The most efficient passer in University of Wisconsin history upon his exit, Sorgi was a sixth-round selection of the Colts in April 2004 and was a workhorse by Manning-backup standards. He threw 29 passes across three games -- including two for touchdowns -- as a rookie that year, then threw 61 times in two games while filling in for his celebrated teammate a season later.
He got into one game but threw no passes while winning a Super Bowl ring in 2006, then was 18-of-36 for 132 yards in 2007 and 22 for 30 in 2008. His final Indianapolis season was another pass-free experience, before he headed to New York to spell another Manning, little brother Eli, in 2010.
"Everybody says it was easy when I was there," Sorgi said, "(but) to tell you the truth Peyton Manning worked me like a dog. I had to get there at 7 o'clock in the morning, watch film until meetings, after practice watch film until 9 o'clock at night and then I'd go home.
"During the season, Peyton worked me pretty hard, so I wouldn't say it was the easy job in the world. Sundays or Mondays, it was pretty easy because you hardly saw the field unless it was the end of the year. But during the week it was pretty horrendous working for Peyton sometimes."
Perhaps the most memorable of the Manning understudies, Curtis Painter, succeeded Sorgi as the Indianapolis backup and also ultimately left the Midwest for New York to play alongside Eli.
The sixth-round pick out of Purdue made rookie headlines with the unbeaten Colts in 2009, when he filled in for Manning -- and completed only four of 11 passes with an interception -- while presiding over a 29-15 loss to the New York Jets that spoiled a perfect season. He threw 17 more times the following week, and again completed only four, as Indianapolis was routed, 30-7, in the season finale at Buffalo.
It was the last time another Colts QB threw a ball in place of an active Manning -- who played all 16 games in 2010 and threw 679 passes -- though Indy fans saw even more of the shaggy blonde No. 2 in the nightmare season of 2011, when he logged six TDs and nine INTs while going 0-8 as a No. 1.
Still, if he hasn't got adulation, he's got perspective.
"(Peyton and Eli are) very similar," Painter said. "Their football knowledge is so special to be around, just hearing them talk about different things and what they see is really neat to be around. It's a great opportunity for me to be able to learn from those guys. Just sitting in meetings with them you can tell they're extremely bright in their football sense. It was a good opportunity with Peyton, it's a great opportunity with Eli as well.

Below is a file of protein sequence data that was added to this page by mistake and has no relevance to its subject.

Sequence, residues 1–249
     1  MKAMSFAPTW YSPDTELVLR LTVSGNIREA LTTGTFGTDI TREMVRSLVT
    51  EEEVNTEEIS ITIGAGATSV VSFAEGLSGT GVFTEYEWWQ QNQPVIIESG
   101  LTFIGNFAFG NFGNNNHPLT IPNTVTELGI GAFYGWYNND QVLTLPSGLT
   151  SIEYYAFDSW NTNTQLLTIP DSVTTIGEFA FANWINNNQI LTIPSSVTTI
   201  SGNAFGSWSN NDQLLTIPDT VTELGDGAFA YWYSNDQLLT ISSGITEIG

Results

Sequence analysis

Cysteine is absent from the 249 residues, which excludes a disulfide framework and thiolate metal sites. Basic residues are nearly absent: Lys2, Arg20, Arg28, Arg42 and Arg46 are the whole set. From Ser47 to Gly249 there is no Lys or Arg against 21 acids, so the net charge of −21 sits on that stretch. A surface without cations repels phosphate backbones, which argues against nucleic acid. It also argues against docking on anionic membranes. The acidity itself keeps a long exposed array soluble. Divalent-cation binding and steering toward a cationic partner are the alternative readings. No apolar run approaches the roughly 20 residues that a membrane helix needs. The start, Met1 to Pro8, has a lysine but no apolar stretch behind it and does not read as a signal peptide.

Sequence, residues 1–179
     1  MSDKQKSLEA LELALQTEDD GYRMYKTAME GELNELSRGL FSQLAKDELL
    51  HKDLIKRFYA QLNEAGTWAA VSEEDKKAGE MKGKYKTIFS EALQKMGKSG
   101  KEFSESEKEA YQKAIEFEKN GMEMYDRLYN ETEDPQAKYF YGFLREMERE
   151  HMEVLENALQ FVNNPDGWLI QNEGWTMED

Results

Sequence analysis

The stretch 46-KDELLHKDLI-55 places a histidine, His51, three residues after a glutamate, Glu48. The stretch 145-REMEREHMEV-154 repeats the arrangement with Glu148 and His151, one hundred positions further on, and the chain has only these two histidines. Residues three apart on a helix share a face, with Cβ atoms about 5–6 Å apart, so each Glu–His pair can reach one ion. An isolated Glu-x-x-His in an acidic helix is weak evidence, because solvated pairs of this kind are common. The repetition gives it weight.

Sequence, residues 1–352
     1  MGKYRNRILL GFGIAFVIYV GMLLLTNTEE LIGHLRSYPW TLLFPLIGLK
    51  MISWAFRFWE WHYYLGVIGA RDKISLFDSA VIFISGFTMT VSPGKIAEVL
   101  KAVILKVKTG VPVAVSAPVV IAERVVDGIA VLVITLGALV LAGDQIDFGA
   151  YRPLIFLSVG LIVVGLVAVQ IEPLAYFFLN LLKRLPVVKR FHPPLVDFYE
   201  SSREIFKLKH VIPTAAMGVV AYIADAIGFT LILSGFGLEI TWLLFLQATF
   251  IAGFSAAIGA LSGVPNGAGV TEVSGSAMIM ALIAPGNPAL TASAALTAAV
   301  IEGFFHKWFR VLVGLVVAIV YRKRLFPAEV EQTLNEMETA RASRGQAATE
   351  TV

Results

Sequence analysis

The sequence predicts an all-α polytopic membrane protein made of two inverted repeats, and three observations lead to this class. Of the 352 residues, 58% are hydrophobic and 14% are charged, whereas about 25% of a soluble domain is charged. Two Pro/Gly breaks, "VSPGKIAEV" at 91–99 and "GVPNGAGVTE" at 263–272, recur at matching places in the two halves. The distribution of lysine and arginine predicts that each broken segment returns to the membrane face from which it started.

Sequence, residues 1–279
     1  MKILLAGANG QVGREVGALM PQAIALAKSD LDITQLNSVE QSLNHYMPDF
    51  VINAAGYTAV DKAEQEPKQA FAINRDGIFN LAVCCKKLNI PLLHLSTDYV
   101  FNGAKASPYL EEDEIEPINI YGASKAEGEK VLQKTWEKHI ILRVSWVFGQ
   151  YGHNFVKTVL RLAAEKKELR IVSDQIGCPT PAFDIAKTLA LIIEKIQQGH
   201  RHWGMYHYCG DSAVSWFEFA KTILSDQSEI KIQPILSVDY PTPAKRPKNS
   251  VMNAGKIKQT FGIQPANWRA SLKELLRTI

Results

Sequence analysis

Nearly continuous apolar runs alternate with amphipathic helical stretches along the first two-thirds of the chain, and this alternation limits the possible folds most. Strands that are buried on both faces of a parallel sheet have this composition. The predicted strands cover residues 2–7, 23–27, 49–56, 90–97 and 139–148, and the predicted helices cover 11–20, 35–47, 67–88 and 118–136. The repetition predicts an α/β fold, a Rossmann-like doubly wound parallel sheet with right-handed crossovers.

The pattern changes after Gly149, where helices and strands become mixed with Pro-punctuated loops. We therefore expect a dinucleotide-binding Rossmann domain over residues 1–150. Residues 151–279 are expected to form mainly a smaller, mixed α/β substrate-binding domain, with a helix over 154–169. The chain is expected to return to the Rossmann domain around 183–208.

"One thing I noticed about Peyton was, if you saw him in the weight room or you saw him working out with receivers, you didn't know if it was midseason or the first week of the offseason.
"He approaches his football and his game 100 percent every time he's doing it. There's no side-stepping anything. From what I've seen in Eli, it's very similar. He works out hard, practices hard, he's always focused out there and in meetings. I'm sure they have very similar personalities."
The last member of the exclusive club, Denver's Brock Osweiler, was a second- round pick of the Broncos a month after Manning signed on as a free agent. The youngster threw his first four NFL passes, completing two, against Kansas City in his rookie-season finale in 2012, then doubled his passing appearances while going 11 of 16 for 95 yards against Philadelphia and Oakland this season.
Manning, of course, didn't need a lot of rest while establishing single-season records for both yardage (5,477) and touchdowns (55).
"I had a front seat to history, and not only did I have a good view for it, but I learned a lot while watching it," Osweiler, now 23, said. "The things I've learned watching Peyton over the last 17 weeks will stay with me my entire career. I just wanted one long pass to connect. It was fun to get out there and sling the football. It had been months since I last got out there to play."
01/28 10:46:07 ET